with the time and method of payment. It was intended to secure the price to the buyer as soon as the wool was loaded. It was not intended to affect the obligation of the seller to ship in accordance with the terms of the contract, or to relieve the buyer of the obligation to pay for the wool in some manner if the seller complied with the requirement of the contract as to delivery.
The expiration date of the letter of credit was inserted unilaterally by the defendant without prior agreement or even discussion with the seller. The fact that the plaintiff merely received the letter of credit, without protest, does not, in my opinion, prove that it was willing to write March 31 into the contract as the date for shipment. It appears that it was a very widespread practice for buyers, under similar circumstances, to renew letters of credit when it appeared that shipment could not be made before the expiration date of the letter, although within the terms of the seller's contract. As a practical matter there was no real necessity for Kreglinger to take any action upon receipt of Webb's letter of credit. In view of the way the business was commonly conducted it was not placing an interpretation on the contract when it merely awaited the event to see whether a renewal would be required.
The plaintiff is, therefore, entitled to recover damages in this action.
As to the measure of damages. The ordinary rule, of course, is that an unpaid seller is entitled to the difference between the contract price and the market or current price at the time or times when the goods ought to have been accepted. At the time the defendant rejected the goods, it can hardly be disputed that there was no market for wool in New Zealand. The plaintiff was entirely justified in shipping the wool to Philadelphia where, although the market had broken, it still could be sold. As the Court in Moody v. McTaggart, 29 Pa. Super. 465, 469, said 'What the plaintiffs did was evidently in the interest, and for the benefit, of the defendants, and we know of no legal ground or principle of equity on which they will be heard to successfully claim that the plaintiffs should have sued them for the entire purchase price of the cargo of coke rather than for the amount which remained after deducting the amount for which they were enabled to sell it in the best market, at the best price obtainable.'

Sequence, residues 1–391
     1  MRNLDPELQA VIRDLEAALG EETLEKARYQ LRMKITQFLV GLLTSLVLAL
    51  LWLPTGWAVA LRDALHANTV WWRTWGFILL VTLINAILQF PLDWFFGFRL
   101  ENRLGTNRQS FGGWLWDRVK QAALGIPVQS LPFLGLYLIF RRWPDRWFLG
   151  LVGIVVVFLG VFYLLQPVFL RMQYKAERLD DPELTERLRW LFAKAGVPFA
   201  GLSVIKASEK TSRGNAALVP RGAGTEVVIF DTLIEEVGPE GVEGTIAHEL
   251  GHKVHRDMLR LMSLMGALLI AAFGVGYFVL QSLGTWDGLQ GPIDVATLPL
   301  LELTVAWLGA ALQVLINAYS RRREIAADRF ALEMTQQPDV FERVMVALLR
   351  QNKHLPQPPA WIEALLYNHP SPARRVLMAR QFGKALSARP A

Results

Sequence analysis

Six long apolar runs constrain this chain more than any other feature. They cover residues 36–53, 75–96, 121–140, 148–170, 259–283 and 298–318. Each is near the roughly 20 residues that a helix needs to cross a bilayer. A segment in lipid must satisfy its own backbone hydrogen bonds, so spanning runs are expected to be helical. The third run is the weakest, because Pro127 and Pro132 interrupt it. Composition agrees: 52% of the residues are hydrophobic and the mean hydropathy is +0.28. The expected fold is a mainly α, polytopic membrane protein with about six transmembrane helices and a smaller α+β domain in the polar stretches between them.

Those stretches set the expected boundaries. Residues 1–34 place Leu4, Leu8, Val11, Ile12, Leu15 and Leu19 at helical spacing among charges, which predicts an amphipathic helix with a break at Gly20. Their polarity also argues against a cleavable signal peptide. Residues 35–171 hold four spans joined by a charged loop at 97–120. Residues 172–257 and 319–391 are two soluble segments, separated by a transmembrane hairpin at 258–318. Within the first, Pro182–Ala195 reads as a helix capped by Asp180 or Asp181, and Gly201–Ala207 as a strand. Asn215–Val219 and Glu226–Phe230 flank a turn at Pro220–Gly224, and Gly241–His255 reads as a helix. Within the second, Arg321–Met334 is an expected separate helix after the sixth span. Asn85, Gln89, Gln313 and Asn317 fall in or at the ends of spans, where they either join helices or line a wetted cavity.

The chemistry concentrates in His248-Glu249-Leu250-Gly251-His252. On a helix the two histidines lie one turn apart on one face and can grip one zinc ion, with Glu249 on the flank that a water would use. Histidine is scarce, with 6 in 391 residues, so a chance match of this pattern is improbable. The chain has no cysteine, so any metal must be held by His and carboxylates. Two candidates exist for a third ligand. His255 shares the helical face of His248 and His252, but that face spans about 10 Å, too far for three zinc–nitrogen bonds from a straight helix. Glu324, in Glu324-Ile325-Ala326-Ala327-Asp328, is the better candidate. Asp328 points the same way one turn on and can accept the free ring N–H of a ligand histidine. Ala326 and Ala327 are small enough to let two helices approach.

The only question is whether, after the wool arrived in Philadelphia, the plaintiff's holding it without reselling, until October 21, was unreasonable under all the circumstances.
The wool was unloaded in Philadelphia on July 10. The plaintiff demanded payment from the defendant and the defendant refused. The defendant throughout had refused, though wrongfully, to pay for the wool. It president did, however, state that the matter should be held in abeyance and that, if Kreglinger could show him that the majority of persons who had wool delayed by the strike were accepting it, he would, if they were similarly situated, reconsider his refusal and accept the wool. By the time the wool arrived in Philadelphia, the plaintiff was in a position to present such facts as it had concerning the action of other wool buyers to the defendant. The fact is that the defendant was the only buyer who purchased from the plaintiff while the strike was in progress and, had the plaintiff disclosed this fact to the defendant, no doubt the defendant would have been able to give the plaintiff a definite refusal much earlier in the negotiations. However, whether the defendant's default be regarded as occurring March 31, the date of Webb's letter, or on April 20, the date that loading was completed, or July 10, the day the wool arrived in this country, is of little moment since, as previously stated, the plaintiff was amply justified in bringing the wool from a place where there was no market to a place where there was one. The market value for the wool on July 10 was $ 1.48.
The additional three months delay on the part of the plaintiff before selling the wool was, I believe, unjustified. The negotiations between the plaintiff and the defendant by July 10 had reached the point where they amounted to little more than the plaintiff's demanding that the defendant accept the wool and the defendant's refusal to do so. Furthermore, the plaintiff failed to disclose to the defendant the one that which I cannot but feel would have made the defendant's refusal final. I, therefore, conclude that the plaintiff is entitled to recover from the defendant the difference between the contract price and the market price on July 10 of $ 1.48, together with necessary expenses incurred up to that date
An order may be submitted in accordance with this opinion.